Typos: Condemnation for Common Mistakes

Originally posted on The Misfortune Of Knowing:

Miss Steaks from Spell Checker Poem

Once, after filing a 49-page appellate brief in a case, I received the following email from a well-established attorney in my practice area:

I did not want to undercut the ‘thank you’ email I sent on Saturday by mentioning anything negative [about the brief you filed], but there’s something you may have noted already, but which, in case not, I draw to your attention for the future: the proofing needs to be done more carefully.

The sender then complained that my brief contained two small typos and one incomplete citation. Thankfully, all of these mistakes were in pro forma portions of the brief that the judges were unlikely to read, but I felt awful about them, particularly after spending nearly three weeks drafting and proofreading the damn thing. I read the brief from cover to cover multiple times, as did several other attorneys involved in the case, and not one…

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Theodor S. Geisel Awards Re-connects High School Classmates (46 Years Later!)

me and laylaAbove left–Layla Fiske, author of The Fig Orchard, with Lee Fullbright, author of The Angry Woman Suite

 

I have a story to tell—a short story, perhaps a dozen paragraphs. It’s about two girls who loved reading and writing above almost all else. They came of age in the 1950’s-60’s, in a suburb of San Diego called Allied Gardens, colloquially known as “Rabbit Hill,” because of the large number of children (who would one day be called “boomers”) who lived there with their very fertile parents (if you’re a post-boomer, google “rabbit test”).

One of the girls—Leila—lived at the top of the hill, where the bookmobile (post-boomers: google this too) parked every other Tuesday afternoon. The other girl was Eileen. She lived at the bottom, and had a long walk up Rabbit Hill on bookmobile days, over two miles, but she didn’t care; she’d have walked ten miles to check out five new-to-her books.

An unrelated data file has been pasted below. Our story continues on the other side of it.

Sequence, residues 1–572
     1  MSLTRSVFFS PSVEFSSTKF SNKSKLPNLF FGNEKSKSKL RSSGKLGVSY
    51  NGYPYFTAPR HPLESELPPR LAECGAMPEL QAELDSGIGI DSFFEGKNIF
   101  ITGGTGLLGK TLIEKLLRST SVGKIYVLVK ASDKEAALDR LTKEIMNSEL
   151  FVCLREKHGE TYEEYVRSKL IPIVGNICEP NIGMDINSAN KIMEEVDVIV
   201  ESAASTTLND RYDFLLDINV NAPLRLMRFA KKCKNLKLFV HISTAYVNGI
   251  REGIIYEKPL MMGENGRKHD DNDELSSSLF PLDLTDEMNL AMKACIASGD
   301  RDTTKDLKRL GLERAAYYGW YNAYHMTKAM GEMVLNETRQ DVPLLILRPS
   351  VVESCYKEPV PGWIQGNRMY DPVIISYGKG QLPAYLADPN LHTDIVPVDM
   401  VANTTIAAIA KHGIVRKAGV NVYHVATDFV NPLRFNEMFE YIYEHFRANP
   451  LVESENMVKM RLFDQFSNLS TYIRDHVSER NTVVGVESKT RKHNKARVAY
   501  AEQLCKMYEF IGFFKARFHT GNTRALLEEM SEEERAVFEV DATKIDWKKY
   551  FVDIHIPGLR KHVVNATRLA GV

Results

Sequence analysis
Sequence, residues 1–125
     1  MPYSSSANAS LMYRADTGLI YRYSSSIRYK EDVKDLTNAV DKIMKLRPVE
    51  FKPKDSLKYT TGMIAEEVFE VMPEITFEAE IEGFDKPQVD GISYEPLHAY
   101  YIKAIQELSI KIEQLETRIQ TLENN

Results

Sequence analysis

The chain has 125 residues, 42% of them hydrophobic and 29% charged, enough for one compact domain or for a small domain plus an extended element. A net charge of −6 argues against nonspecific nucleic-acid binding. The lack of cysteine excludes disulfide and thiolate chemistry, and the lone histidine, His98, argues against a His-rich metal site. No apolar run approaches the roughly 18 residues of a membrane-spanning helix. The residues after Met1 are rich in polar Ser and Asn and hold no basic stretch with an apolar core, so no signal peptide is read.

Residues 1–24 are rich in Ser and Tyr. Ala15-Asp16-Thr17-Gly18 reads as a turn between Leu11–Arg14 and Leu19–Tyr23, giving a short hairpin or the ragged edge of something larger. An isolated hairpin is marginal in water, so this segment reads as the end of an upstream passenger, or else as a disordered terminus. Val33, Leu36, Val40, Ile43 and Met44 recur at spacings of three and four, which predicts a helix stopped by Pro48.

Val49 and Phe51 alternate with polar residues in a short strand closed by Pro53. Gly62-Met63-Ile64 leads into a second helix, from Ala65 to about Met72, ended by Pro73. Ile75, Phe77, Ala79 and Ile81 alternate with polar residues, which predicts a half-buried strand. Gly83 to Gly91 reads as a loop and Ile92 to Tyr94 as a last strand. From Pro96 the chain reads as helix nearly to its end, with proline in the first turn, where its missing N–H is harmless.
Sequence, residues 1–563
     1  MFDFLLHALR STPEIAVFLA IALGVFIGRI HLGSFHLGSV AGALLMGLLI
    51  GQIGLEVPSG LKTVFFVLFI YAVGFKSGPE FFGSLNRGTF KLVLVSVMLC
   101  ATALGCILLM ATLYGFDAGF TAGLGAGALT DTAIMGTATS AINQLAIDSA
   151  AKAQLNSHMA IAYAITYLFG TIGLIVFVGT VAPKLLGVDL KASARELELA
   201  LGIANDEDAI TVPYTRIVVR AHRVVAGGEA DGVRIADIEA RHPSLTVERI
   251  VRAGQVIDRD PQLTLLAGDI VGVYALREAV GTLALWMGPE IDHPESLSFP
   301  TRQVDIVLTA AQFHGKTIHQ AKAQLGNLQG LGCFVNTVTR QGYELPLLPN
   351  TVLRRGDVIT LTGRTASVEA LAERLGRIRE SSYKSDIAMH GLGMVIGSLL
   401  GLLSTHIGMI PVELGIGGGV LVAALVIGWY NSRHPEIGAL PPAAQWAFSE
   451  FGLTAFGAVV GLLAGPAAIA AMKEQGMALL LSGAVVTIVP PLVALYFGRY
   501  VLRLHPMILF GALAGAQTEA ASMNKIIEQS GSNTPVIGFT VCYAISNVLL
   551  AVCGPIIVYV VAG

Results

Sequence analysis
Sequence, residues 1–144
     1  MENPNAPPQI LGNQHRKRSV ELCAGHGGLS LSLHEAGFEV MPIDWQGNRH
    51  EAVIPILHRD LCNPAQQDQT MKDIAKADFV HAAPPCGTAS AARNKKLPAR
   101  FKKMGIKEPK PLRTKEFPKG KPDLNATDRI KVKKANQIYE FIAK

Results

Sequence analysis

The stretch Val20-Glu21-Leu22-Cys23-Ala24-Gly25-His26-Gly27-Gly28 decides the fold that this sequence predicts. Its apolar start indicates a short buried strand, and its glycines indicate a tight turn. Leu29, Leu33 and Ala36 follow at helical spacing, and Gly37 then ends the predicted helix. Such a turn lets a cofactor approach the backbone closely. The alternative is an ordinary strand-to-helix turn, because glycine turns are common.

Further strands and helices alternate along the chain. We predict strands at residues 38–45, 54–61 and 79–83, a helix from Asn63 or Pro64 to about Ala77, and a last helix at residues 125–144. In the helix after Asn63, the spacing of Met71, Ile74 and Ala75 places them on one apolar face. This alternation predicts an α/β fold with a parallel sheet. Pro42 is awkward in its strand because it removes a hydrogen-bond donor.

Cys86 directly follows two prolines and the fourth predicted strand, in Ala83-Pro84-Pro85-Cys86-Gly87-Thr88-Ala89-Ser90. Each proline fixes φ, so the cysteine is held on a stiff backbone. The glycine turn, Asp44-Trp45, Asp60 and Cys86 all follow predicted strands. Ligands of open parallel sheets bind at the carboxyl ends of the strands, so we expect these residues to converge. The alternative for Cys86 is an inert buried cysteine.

Now these two very young girls went to different elementary schools, and didn’t actually know of the other until their promotions to the large, and only, junior high school on Rabbit Hill. But even had they seen the other at the bookmobile on one of those Tuesday afternoons, they would’ve had no way of knowing they were looking at a soon-to-be peer who would, as a young adult, disappear from the other’s life, only to reappear mirroring a common dream, focus, and tenacity.

And so it follows that neither child could have known that this reappearance would not occur for over a half-century.

At their even larger, over-crowded high school, where it was way too easy to get and feel lost, the two girls had the same English teacher—but then, later, as is often the case after graduations, the two teenagers’ paths diverged. And although they stayed in the same city, Leila and Eileen never ran into each other in town, or at their high school reunions. They did, though, continue their reading and writing, separately and prolifically.

Over forty years passed before Eileen, whose name was now shortened to Lee, finished her second novel, one she considered possibly publishable, about a family in so much crisis only an unsolved double murder kept its members together. Lee’s agent titled it The Angry Woman Suite.

The Angry Woman Suite went on to win many awards, but the one Lee had always yearned after—the San Diego Book Awards’ Theodor A. Geisel Award for “best of the best”—is her treasure. It’s the award from her city (San Diego, eighth largest in the U.S.).